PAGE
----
Lessons from the Eat Local Challenge
I can’t believe that this month is already over, and the Eat Local Challenge is done. I woke up this morning thinking about what I was going to have for breakfast – “I think I have some local granola and local milk left – used the local eggs up yesterday…” and then is dawned on me. This challenge has turned into a lifestyle. After one month, I am already unconsciously steering towards local food in my food decision process. Hurray!
For me the goal of this challenge was to become more conscious in my consumption of food – both through my pocket and through my mouth. It wasn’t about being perfect. I think overall, I probably ate about 80% local food. It was about learning to take the time to think before I put something in my mouth. It’s a pretty amazing feeling to look at the food in your house and realize that what you are eating is good wholesome local food. It’s empowering when you can put a face to all the food in your kitchen. What I learned is how important that connection is between the Farmer and the buyer. I realized more and more that what I choose mattered. I got to know how the Farmers season was going, what was at its peak and what was coming in. I became intensely grateful for their labor to feed me. I learned to honor their harvest by not throwing it out and grabbing fast food – but to take a little extra time preparing and savoring their crop.
So here are a few of the things I learned this month:
- Less is more – whether that meant buying less meat (because it was more expensive) or preparing food really simply – less is more. I was satisfied with less.
- Buying food every couple days is a really hard transition to make. I had to seek out Markets and buy in small quantities that would only last a day or two. This took a lot more time than running to Sam’s and stocking up for the month. However, after about 2 weeks, it became part of my food culture. I transitioned from American to European.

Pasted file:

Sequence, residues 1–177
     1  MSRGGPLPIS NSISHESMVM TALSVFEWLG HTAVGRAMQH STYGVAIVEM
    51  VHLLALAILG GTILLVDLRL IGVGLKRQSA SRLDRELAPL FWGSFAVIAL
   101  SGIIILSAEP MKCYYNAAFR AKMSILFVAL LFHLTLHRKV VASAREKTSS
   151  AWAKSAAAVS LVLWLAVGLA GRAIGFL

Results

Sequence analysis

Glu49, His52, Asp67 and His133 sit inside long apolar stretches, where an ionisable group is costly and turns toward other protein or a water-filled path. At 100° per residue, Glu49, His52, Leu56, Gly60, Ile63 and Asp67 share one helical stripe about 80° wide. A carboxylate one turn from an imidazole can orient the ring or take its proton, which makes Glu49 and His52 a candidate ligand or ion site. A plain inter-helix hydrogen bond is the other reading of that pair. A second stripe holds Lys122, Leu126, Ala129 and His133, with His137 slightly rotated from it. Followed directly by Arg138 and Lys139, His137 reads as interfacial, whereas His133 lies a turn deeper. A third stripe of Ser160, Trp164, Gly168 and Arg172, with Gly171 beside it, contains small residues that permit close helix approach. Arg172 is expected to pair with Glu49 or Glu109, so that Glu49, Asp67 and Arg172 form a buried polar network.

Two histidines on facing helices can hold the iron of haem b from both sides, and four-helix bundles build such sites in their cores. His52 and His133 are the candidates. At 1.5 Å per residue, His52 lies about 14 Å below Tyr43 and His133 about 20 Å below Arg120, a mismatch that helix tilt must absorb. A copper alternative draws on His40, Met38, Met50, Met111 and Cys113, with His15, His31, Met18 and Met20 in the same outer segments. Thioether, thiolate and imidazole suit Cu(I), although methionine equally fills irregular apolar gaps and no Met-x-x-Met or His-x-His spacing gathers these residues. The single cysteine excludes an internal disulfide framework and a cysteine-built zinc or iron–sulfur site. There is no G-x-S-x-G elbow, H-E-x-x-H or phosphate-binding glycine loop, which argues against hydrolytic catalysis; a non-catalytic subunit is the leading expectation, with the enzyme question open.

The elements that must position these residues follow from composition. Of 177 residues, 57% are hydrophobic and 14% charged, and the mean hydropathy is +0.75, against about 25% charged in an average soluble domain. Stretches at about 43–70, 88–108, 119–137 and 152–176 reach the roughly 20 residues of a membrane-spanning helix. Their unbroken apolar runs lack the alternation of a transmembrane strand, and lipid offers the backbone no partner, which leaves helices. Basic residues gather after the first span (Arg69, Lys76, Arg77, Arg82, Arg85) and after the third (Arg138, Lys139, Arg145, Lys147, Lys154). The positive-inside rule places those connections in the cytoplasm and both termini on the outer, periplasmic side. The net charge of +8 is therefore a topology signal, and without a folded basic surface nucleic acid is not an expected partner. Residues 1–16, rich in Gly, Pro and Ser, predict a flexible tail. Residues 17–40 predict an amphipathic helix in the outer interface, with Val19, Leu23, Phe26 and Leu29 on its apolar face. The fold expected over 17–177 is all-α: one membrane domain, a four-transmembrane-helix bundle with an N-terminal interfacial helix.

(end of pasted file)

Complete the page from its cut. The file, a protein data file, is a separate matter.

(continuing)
- Community happens around food – being around like minded people was key in this. I loved seeing the same people several times a week at the Markets. Sharing a local meal with friends and family brought us closer together and collectively more conscious.
- I didn’t feel deprived. Since this wasn’t a diet, I never felt deprived. I could satisfy my sweet tooth with locally made pastries or pie. Sure sometimes I craved that fast food taste, but even when I indulged in something that wasn’t local – I was sadly disappointed. There was no taste, no flavor – it was flat.
- I thought about the future. For the first time I froze corn and canned tomatoes to prepare me for the winter months without my summer crops. I was transported to a time when that was a way of life. If you wanted to eat more than potatoes in the winter, you prepped in the spring and summer. I might just be addicted.
Yes, this was a month long challenge and it certainly felt like a challenge at times, but it has become a way of life. Honestly, I don’t think I can go back. I knew all the reasons to eat locally, I had done my research, but this made me put my money where my mouth was. Change has taken place, and I am better because of it. Thank you to everyone who participated in this with me, and thank you to all my farmers and local vendors who made this a delicious process.